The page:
During a recent period of decluttering I put some household items on the North Berwick Facebook page: a dog bed, a wicker log/laundry basket and a ‘vintage’ blanket box circa 1950.
Keen to see these items, two of which were coveted, settled in their new homes, I advertised them at a realistic price: £10 each. The dog bed had barely been used by Jilly as she prefers a rug on the back of a chair or her sheepskin which I bought in Applecross last summer after L and M’s wedding.
The log basket was originally a laundry basket and was one of those ‘items of delight’ that had encouraged me to part with my purse many years ago and when I lived in a suitably proportioned Victorian flat, but which became a source of clutterable frustration in my current 1950s flat. The blanket box I’ll come back to later.
The dog bed went within minutes of being posted and the log basket not much longer after that. The dog bed was collected by the friend of a self confessed dog lover who was in need of additional comfort for her pets. The log basket I offered to drop off and went to its perfect home: a converted cottage snuggled in a small dell not far from North Berwick. The new owner opened the door of her bustling kitchen to the sound of dogs and children and with the smell of firewood drifting from the chimney. ‘This already has a home’ she remarked.
Now the blanket box is an item of furniture that has been in our family for a great many years and was resident in Emma’s bedroom when we lived in Garelochhead. I cannot remember its original colour but she painted it a bright sunshine yellow and stored records, tapes and books inside while her ‘Hi Fi’ system sat proudly on top. This was our preferred spot, sitting beside it other carpet deliriously waste hours singing to music, drinking coffee and smoking cigarettes.
When Emma moved into Glasgow, then Edinburgh then Leith the blanket box went with her. Fast forward several years when we lost Emma to bastard breast cancer, T asked to be the new custodian and proudly took the blanket box to her student flat and back to Glasgow. T painted it white and blue. Smart. When T graduated blanket box came to me for storage and soon became useful. However, keen as I was to change the look of my entrance area the blanket box had to go. T no longer wanted it and so I put it up for sale. Having been messed about by one potential seller I dropped the price and was immediately contacted.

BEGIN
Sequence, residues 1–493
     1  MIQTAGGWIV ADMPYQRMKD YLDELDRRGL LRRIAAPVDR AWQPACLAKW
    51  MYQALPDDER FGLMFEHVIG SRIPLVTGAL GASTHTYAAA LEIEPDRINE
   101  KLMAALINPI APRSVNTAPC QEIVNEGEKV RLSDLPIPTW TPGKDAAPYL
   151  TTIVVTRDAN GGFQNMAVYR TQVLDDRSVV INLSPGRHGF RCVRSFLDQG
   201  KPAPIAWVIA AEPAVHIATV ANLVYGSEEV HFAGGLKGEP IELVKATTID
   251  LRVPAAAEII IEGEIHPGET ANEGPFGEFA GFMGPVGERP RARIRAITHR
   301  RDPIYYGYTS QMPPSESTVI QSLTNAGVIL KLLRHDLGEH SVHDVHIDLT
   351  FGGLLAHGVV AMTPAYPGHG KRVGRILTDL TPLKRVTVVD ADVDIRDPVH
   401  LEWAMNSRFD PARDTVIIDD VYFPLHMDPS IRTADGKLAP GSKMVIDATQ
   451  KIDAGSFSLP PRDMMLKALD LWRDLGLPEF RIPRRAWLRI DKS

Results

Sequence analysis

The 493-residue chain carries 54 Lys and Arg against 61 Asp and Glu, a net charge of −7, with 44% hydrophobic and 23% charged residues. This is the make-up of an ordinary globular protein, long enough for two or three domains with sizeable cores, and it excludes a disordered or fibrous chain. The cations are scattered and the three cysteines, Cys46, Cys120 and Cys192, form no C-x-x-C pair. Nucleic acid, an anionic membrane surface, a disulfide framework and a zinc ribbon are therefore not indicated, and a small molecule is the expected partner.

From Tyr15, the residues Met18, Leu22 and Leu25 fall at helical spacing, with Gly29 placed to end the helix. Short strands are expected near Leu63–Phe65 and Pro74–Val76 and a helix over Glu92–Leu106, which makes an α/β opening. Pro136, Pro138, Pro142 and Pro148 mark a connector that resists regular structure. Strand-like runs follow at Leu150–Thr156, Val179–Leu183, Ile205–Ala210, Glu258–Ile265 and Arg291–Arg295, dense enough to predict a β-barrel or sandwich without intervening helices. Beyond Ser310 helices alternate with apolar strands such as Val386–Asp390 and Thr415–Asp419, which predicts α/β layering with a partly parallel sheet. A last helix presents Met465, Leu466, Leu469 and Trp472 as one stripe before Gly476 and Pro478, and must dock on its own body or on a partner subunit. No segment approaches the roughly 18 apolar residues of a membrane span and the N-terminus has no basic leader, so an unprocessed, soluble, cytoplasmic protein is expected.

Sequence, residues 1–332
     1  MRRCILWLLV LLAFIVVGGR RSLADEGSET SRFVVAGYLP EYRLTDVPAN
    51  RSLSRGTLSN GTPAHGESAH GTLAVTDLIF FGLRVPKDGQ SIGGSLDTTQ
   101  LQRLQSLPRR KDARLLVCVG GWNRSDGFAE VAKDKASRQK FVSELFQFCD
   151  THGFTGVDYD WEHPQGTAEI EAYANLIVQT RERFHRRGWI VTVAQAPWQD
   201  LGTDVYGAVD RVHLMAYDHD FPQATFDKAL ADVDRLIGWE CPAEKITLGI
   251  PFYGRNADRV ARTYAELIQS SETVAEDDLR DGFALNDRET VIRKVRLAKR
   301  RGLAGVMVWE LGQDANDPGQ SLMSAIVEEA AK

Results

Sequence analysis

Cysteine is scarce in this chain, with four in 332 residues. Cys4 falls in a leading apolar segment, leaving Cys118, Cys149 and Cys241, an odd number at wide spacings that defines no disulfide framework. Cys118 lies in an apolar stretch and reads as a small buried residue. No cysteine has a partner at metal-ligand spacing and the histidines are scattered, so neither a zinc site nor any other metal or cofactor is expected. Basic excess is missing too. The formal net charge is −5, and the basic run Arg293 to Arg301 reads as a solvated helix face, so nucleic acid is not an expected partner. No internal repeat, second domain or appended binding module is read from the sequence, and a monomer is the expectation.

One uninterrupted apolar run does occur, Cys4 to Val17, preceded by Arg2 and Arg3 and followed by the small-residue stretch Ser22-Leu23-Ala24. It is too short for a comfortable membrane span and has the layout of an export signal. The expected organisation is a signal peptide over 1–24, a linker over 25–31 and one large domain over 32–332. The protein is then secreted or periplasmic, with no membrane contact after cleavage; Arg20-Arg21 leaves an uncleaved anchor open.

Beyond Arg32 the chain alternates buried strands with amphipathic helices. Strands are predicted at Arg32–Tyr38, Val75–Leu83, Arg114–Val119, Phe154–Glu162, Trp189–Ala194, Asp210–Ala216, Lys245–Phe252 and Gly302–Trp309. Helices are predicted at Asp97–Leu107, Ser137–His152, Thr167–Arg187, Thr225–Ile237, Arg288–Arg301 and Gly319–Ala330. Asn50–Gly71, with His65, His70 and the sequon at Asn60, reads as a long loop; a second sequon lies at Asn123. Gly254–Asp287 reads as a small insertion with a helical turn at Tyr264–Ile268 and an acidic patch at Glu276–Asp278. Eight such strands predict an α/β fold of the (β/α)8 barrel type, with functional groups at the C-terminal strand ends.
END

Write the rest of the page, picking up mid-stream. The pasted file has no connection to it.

We made our arrangement for the meeting at 6pm. I was in the throes of clearing up after Jilly’s very upset tummy using a Vax carpet cleaner when the doorbell went. Being deaf in my left ear and having chosen to remove my irritating hearing aid, I was grateful that Jilly barked to alert me. I opened the door and a very small child with blond curly hair, raincoat, welly boots and determined look on their face proceeded to walk past me. His mum reminded him, ’We don’t do that M, remember? We don’t just walk into people’s houses.’ She looked at me apologetically, ‘He’s autistic. Sorry’. I smiled and reassured her that I work with young people with autism and that it was no problem at all, however the blanket box was outside in the Summer House. We went outside, and as the security lights came on, M’s mum spied the box and thrust £5 into my hand. Her face beamed and she said to M, ‘Say thank you’. I bent down, aware that M might not manage this with a stranger and using the Signalong sign for Hello said, ‘Hello. My name is Charli and I am delighted to meet you’. M’s face broke into a wide grin, recognising someone who ‘spoke autism’.
Mum was insistent that she could manage to carry the blanket box, approx measurements 3ft x 2ft x 1ft, because she declared she was strong. At this point M was pointing into my Summer house having spied the pine cones I’d sprayed white for Christmas. Before Mum could finish reminding him that he couldn’t have everything that he saw, I cut her off and said that the texture would be good for him and offered to walk him to their van while she carried the box.
Our dialogue went like this:
M: You are going with us.
Me: I am walking you to your van so that Mummy can carry your new box.
M: You are coming with us.
Me: I am coming with you to your van.
M: You are coming with us.
Me: Yes I am coming to your van. I am the adult who is going to keep you safe and help you cross the road.
M: You are coming with us.
Me: Yes I am coming to your van and here we are.
I felt such a surge of relief that I knew exactly what M was trying to convey and that he needed reassurance not lengthy explanations.
I hugged M’ s mum and thanked her for taking Emma’s blanket box to its new home, which was undoubtedly the best place it could be going.
Later that evening I had to call Scottish Water having been pestered by my neighbour to enquire about the communal drains and I wanted to put the matter to rest. I spoke with a charming customer service advisor who couldn’t have been more helpful and understanding about the predicament: my neighbour was relentlessly calling Scottish Water for a problem that was resolved. I was listened to with care and respect and reassured that she would share my concerns with her manager. I thanked her effusively and asked her what her name was.
“Emma” she replied. Perfect, I thought.